• School form: One form was given to each school principal. This form was designed to collect information on school facilities, composition of school teachers and students, and fee waiver programs for students.
  • Education Bureau Form: This form was given to officials in the Education Bureau of Shilou County. The form aimed to solicit information on the composition, enrollment and requirements of junior high schools throughout the county.

Step 3: Establishing treatment and control groups

The 300 students that we designated as the poorest of the poor were randomly divided into two groups of 150 students. The methodology of randomization ensures that there is no significant difference in junior high entrance examination math scores between the treatment group and control group.

Treatment group: 150 poor students were randomly selected to compose the treatment group. These students were given financial aid equivalent to 1000 RMB for the 2009-10 academic year. This aid will be given again for each remaining junior high year, i.e. 2010-11 and 2011-12, so long as the child remains enrolled in school. The Zigen Fund is tasked with dispersing the financial aid over four payments per academic year.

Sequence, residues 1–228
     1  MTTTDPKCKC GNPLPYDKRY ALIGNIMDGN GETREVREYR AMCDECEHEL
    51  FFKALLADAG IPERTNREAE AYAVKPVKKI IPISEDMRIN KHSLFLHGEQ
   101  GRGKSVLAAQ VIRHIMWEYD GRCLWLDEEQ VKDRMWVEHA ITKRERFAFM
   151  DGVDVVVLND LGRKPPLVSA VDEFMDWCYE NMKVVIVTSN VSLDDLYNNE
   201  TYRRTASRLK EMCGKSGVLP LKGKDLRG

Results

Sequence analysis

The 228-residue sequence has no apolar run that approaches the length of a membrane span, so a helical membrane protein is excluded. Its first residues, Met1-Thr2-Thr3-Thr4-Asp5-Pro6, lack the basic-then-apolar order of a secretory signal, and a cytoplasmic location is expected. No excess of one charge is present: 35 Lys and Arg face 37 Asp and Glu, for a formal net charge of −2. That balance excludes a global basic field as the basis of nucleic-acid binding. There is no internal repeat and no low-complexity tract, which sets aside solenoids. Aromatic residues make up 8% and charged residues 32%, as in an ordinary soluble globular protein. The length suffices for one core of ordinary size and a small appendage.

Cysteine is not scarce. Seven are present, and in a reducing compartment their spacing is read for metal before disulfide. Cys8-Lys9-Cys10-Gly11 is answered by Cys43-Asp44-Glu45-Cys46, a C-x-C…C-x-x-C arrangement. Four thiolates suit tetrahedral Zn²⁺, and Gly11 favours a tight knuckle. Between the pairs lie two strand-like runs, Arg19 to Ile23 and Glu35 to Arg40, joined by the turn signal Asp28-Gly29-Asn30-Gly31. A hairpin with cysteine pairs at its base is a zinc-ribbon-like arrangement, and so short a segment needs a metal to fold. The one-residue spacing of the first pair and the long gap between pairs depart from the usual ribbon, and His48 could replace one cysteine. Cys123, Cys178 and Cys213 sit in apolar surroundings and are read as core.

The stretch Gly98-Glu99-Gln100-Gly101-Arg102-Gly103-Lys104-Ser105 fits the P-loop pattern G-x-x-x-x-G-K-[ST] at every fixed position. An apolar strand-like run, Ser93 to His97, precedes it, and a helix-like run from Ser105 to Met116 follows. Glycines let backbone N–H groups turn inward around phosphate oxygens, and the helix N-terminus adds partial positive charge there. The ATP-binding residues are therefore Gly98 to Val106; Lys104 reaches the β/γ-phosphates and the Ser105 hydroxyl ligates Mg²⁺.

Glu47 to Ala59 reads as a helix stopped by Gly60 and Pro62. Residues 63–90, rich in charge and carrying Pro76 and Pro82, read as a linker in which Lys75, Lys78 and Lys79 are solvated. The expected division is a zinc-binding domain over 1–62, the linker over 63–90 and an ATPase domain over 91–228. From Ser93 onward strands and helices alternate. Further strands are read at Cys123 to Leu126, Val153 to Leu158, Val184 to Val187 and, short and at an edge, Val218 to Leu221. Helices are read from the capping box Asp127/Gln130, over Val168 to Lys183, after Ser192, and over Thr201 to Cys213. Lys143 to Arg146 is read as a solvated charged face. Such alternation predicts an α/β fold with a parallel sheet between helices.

Control Group 1: The 150 students in control group 1 were also selected from the poorest group of students. They will not participate in any aspect of the intervention other than the baseline and final testing. They will serve as a basis of comparison for those students that received financial aid.

Will there be differences in performance outcomes between students receiving and not receiving financial aid? 


Follow-up survey tests of each student in the intervention and control groups will be administered at the conclusion of each academic year. These surveys will mimic the baseline tests and collect data on student grades, standardized test scores, self-esteem, school attendance, and dropout rates. Following the final year of middle school (2011-12), data will also be collected from all students in the intervention and control groups on high school entrance examination scores and high school enrollment rates. These data will be used to measure the impact of the scholarships on scholastic performance and junior high and high school enrollment.


This project is classified as ongoing.


IET Foundation

Works Cited

Jiang, Z.. 2008. Reducing the dropout rate in rural Junior high schools and the reform of compulsory education.